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Status of Chemical Alternatives to Methyl Bromide for Pre-Plant Fumigation of Soil

December 2002 , Volume 92 , Number  12
Pages  1,337 - 1,343

J. M. Duniway

Department of Plant Pathology, University of California, One Shields Avenue, Davis 95616

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Accepted for publication 23 July 2002.

None of the chemical alternatives currently registered and available has the full spectrum of activity and versatility of methyl bromide as a pre-plant soil fumigant. Chloropicrin and 1,3-dichloropropene (Telone) can provide significant control of many plant pathogens in soil and growth stimulation in annual crops. These compounds, however, provide limited control of weeds or other residual plant materials in soil of concern in nursery production systems, and some perennial replant diseases. Methyl isothiocyanate generators such as metam sodium have broad biocidal activity in soil, but are more difficult to apply effectively. In most soil applications, the available alternatives are likely to be used in combinations, either as mixtures (e.g., 1,3-dichloropropene and chloropicrin) or sequentially (e.g., chloropicrin followed by metam sodium). They may also be supplemented with other more specific pesticides and cultural controls. Among the alternatives currently under active development but not yet available, methyl iodide and propargyl bromide probably have activity that most closely parallels that of methyl bromide in soil. However, all of the chemical alternatives to methyl bromide will be subject to continuing review and more regulation. Furthermore, we do not know the actual prospects for registration of the new fumigants currently under development and there is a risk that registered fumigants will not be available for large-scale use in soil indefinitely.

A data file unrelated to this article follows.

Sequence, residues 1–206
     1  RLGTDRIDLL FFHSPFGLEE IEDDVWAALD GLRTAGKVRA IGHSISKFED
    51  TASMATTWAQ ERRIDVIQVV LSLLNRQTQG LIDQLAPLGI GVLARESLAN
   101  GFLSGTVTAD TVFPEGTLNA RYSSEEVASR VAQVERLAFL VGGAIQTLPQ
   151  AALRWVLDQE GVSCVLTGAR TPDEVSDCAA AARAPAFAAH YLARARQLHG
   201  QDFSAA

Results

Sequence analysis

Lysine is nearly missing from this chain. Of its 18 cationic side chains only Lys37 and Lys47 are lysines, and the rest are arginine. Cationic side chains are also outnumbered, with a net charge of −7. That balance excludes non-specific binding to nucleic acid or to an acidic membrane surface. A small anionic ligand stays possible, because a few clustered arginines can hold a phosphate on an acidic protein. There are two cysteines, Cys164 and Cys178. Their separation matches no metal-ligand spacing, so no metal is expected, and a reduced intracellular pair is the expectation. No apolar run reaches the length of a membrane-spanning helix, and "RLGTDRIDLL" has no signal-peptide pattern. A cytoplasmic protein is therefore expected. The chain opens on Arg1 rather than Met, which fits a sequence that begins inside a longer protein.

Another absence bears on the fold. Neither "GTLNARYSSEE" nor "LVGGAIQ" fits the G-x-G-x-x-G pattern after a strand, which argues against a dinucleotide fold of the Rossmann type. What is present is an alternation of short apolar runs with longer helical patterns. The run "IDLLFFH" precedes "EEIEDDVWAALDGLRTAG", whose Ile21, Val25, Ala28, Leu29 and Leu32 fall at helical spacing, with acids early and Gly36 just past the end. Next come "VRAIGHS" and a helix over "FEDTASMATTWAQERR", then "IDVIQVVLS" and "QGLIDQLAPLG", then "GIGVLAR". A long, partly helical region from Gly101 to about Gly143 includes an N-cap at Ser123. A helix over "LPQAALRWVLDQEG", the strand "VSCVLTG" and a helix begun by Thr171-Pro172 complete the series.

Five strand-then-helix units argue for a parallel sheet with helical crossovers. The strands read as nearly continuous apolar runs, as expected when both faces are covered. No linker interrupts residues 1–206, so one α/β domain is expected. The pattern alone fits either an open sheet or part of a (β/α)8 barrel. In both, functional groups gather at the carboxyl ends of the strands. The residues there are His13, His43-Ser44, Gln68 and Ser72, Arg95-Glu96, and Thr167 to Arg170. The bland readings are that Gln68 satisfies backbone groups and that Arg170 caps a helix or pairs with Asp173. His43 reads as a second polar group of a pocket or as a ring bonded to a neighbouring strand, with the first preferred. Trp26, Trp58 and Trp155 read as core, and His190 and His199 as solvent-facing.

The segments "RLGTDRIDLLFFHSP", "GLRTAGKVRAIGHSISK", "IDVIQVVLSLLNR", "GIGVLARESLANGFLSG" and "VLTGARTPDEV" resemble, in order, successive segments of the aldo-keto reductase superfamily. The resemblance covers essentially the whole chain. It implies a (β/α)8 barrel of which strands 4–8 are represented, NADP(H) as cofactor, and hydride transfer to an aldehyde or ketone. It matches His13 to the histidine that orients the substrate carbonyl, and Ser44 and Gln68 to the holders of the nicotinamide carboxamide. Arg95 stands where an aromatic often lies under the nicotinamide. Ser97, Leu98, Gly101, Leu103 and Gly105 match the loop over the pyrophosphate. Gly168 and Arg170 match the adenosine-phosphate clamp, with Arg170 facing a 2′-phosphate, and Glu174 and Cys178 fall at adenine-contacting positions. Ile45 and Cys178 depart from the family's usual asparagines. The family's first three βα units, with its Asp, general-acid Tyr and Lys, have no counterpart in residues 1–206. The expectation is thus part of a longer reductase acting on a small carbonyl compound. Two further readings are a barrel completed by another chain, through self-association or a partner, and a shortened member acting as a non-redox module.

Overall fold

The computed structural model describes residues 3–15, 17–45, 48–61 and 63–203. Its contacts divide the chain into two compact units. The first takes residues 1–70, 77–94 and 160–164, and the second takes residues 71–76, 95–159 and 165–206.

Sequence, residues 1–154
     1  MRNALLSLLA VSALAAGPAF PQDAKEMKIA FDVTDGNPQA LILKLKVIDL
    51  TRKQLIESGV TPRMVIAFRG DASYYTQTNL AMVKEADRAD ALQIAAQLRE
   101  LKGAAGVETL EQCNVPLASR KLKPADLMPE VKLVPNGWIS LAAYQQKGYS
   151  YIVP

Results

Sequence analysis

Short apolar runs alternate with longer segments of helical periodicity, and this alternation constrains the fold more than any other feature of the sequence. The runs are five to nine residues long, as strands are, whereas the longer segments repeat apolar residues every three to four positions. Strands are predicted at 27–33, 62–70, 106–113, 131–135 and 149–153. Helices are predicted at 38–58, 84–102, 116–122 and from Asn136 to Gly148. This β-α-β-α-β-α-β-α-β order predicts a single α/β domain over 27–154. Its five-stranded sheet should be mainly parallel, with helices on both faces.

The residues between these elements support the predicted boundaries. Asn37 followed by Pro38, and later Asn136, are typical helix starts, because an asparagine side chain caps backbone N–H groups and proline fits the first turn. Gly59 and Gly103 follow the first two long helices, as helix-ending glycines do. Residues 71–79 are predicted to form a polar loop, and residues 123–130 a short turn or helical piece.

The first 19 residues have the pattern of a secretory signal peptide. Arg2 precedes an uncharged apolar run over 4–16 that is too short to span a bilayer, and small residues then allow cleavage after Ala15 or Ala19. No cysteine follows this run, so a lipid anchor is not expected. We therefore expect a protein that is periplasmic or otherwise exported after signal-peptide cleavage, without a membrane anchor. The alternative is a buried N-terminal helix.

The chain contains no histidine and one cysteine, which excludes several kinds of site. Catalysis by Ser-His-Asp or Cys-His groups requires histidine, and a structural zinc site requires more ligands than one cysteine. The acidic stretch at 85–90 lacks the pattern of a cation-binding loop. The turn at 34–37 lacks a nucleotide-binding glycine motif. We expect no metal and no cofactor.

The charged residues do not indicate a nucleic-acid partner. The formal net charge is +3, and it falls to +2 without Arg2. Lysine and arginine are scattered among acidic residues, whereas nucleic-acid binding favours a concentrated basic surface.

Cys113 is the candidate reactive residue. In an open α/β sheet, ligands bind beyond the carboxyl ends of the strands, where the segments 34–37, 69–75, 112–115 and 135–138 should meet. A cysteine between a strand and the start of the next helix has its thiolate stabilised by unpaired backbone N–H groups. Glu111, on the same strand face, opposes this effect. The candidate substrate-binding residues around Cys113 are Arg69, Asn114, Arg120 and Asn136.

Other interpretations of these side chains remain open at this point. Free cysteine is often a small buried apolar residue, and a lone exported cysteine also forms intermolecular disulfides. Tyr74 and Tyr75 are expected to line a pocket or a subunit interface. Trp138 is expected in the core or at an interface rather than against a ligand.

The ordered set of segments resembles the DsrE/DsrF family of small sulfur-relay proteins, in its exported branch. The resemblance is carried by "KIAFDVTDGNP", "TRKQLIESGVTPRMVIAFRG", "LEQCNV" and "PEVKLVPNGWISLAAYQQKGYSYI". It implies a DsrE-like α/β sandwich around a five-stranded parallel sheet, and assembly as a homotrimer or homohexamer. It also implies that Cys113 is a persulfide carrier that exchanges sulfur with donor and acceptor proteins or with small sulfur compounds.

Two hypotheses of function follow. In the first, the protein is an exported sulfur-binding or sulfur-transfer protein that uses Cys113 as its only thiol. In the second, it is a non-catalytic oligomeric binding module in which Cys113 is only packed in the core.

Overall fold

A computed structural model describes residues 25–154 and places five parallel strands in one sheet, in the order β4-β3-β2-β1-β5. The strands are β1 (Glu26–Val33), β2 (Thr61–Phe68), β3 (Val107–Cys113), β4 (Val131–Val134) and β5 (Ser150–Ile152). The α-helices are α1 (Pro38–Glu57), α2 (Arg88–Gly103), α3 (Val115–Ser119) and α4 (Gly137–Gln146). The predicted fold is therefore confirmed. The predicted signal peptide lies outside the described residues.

© 2002 The American Phytopathological Society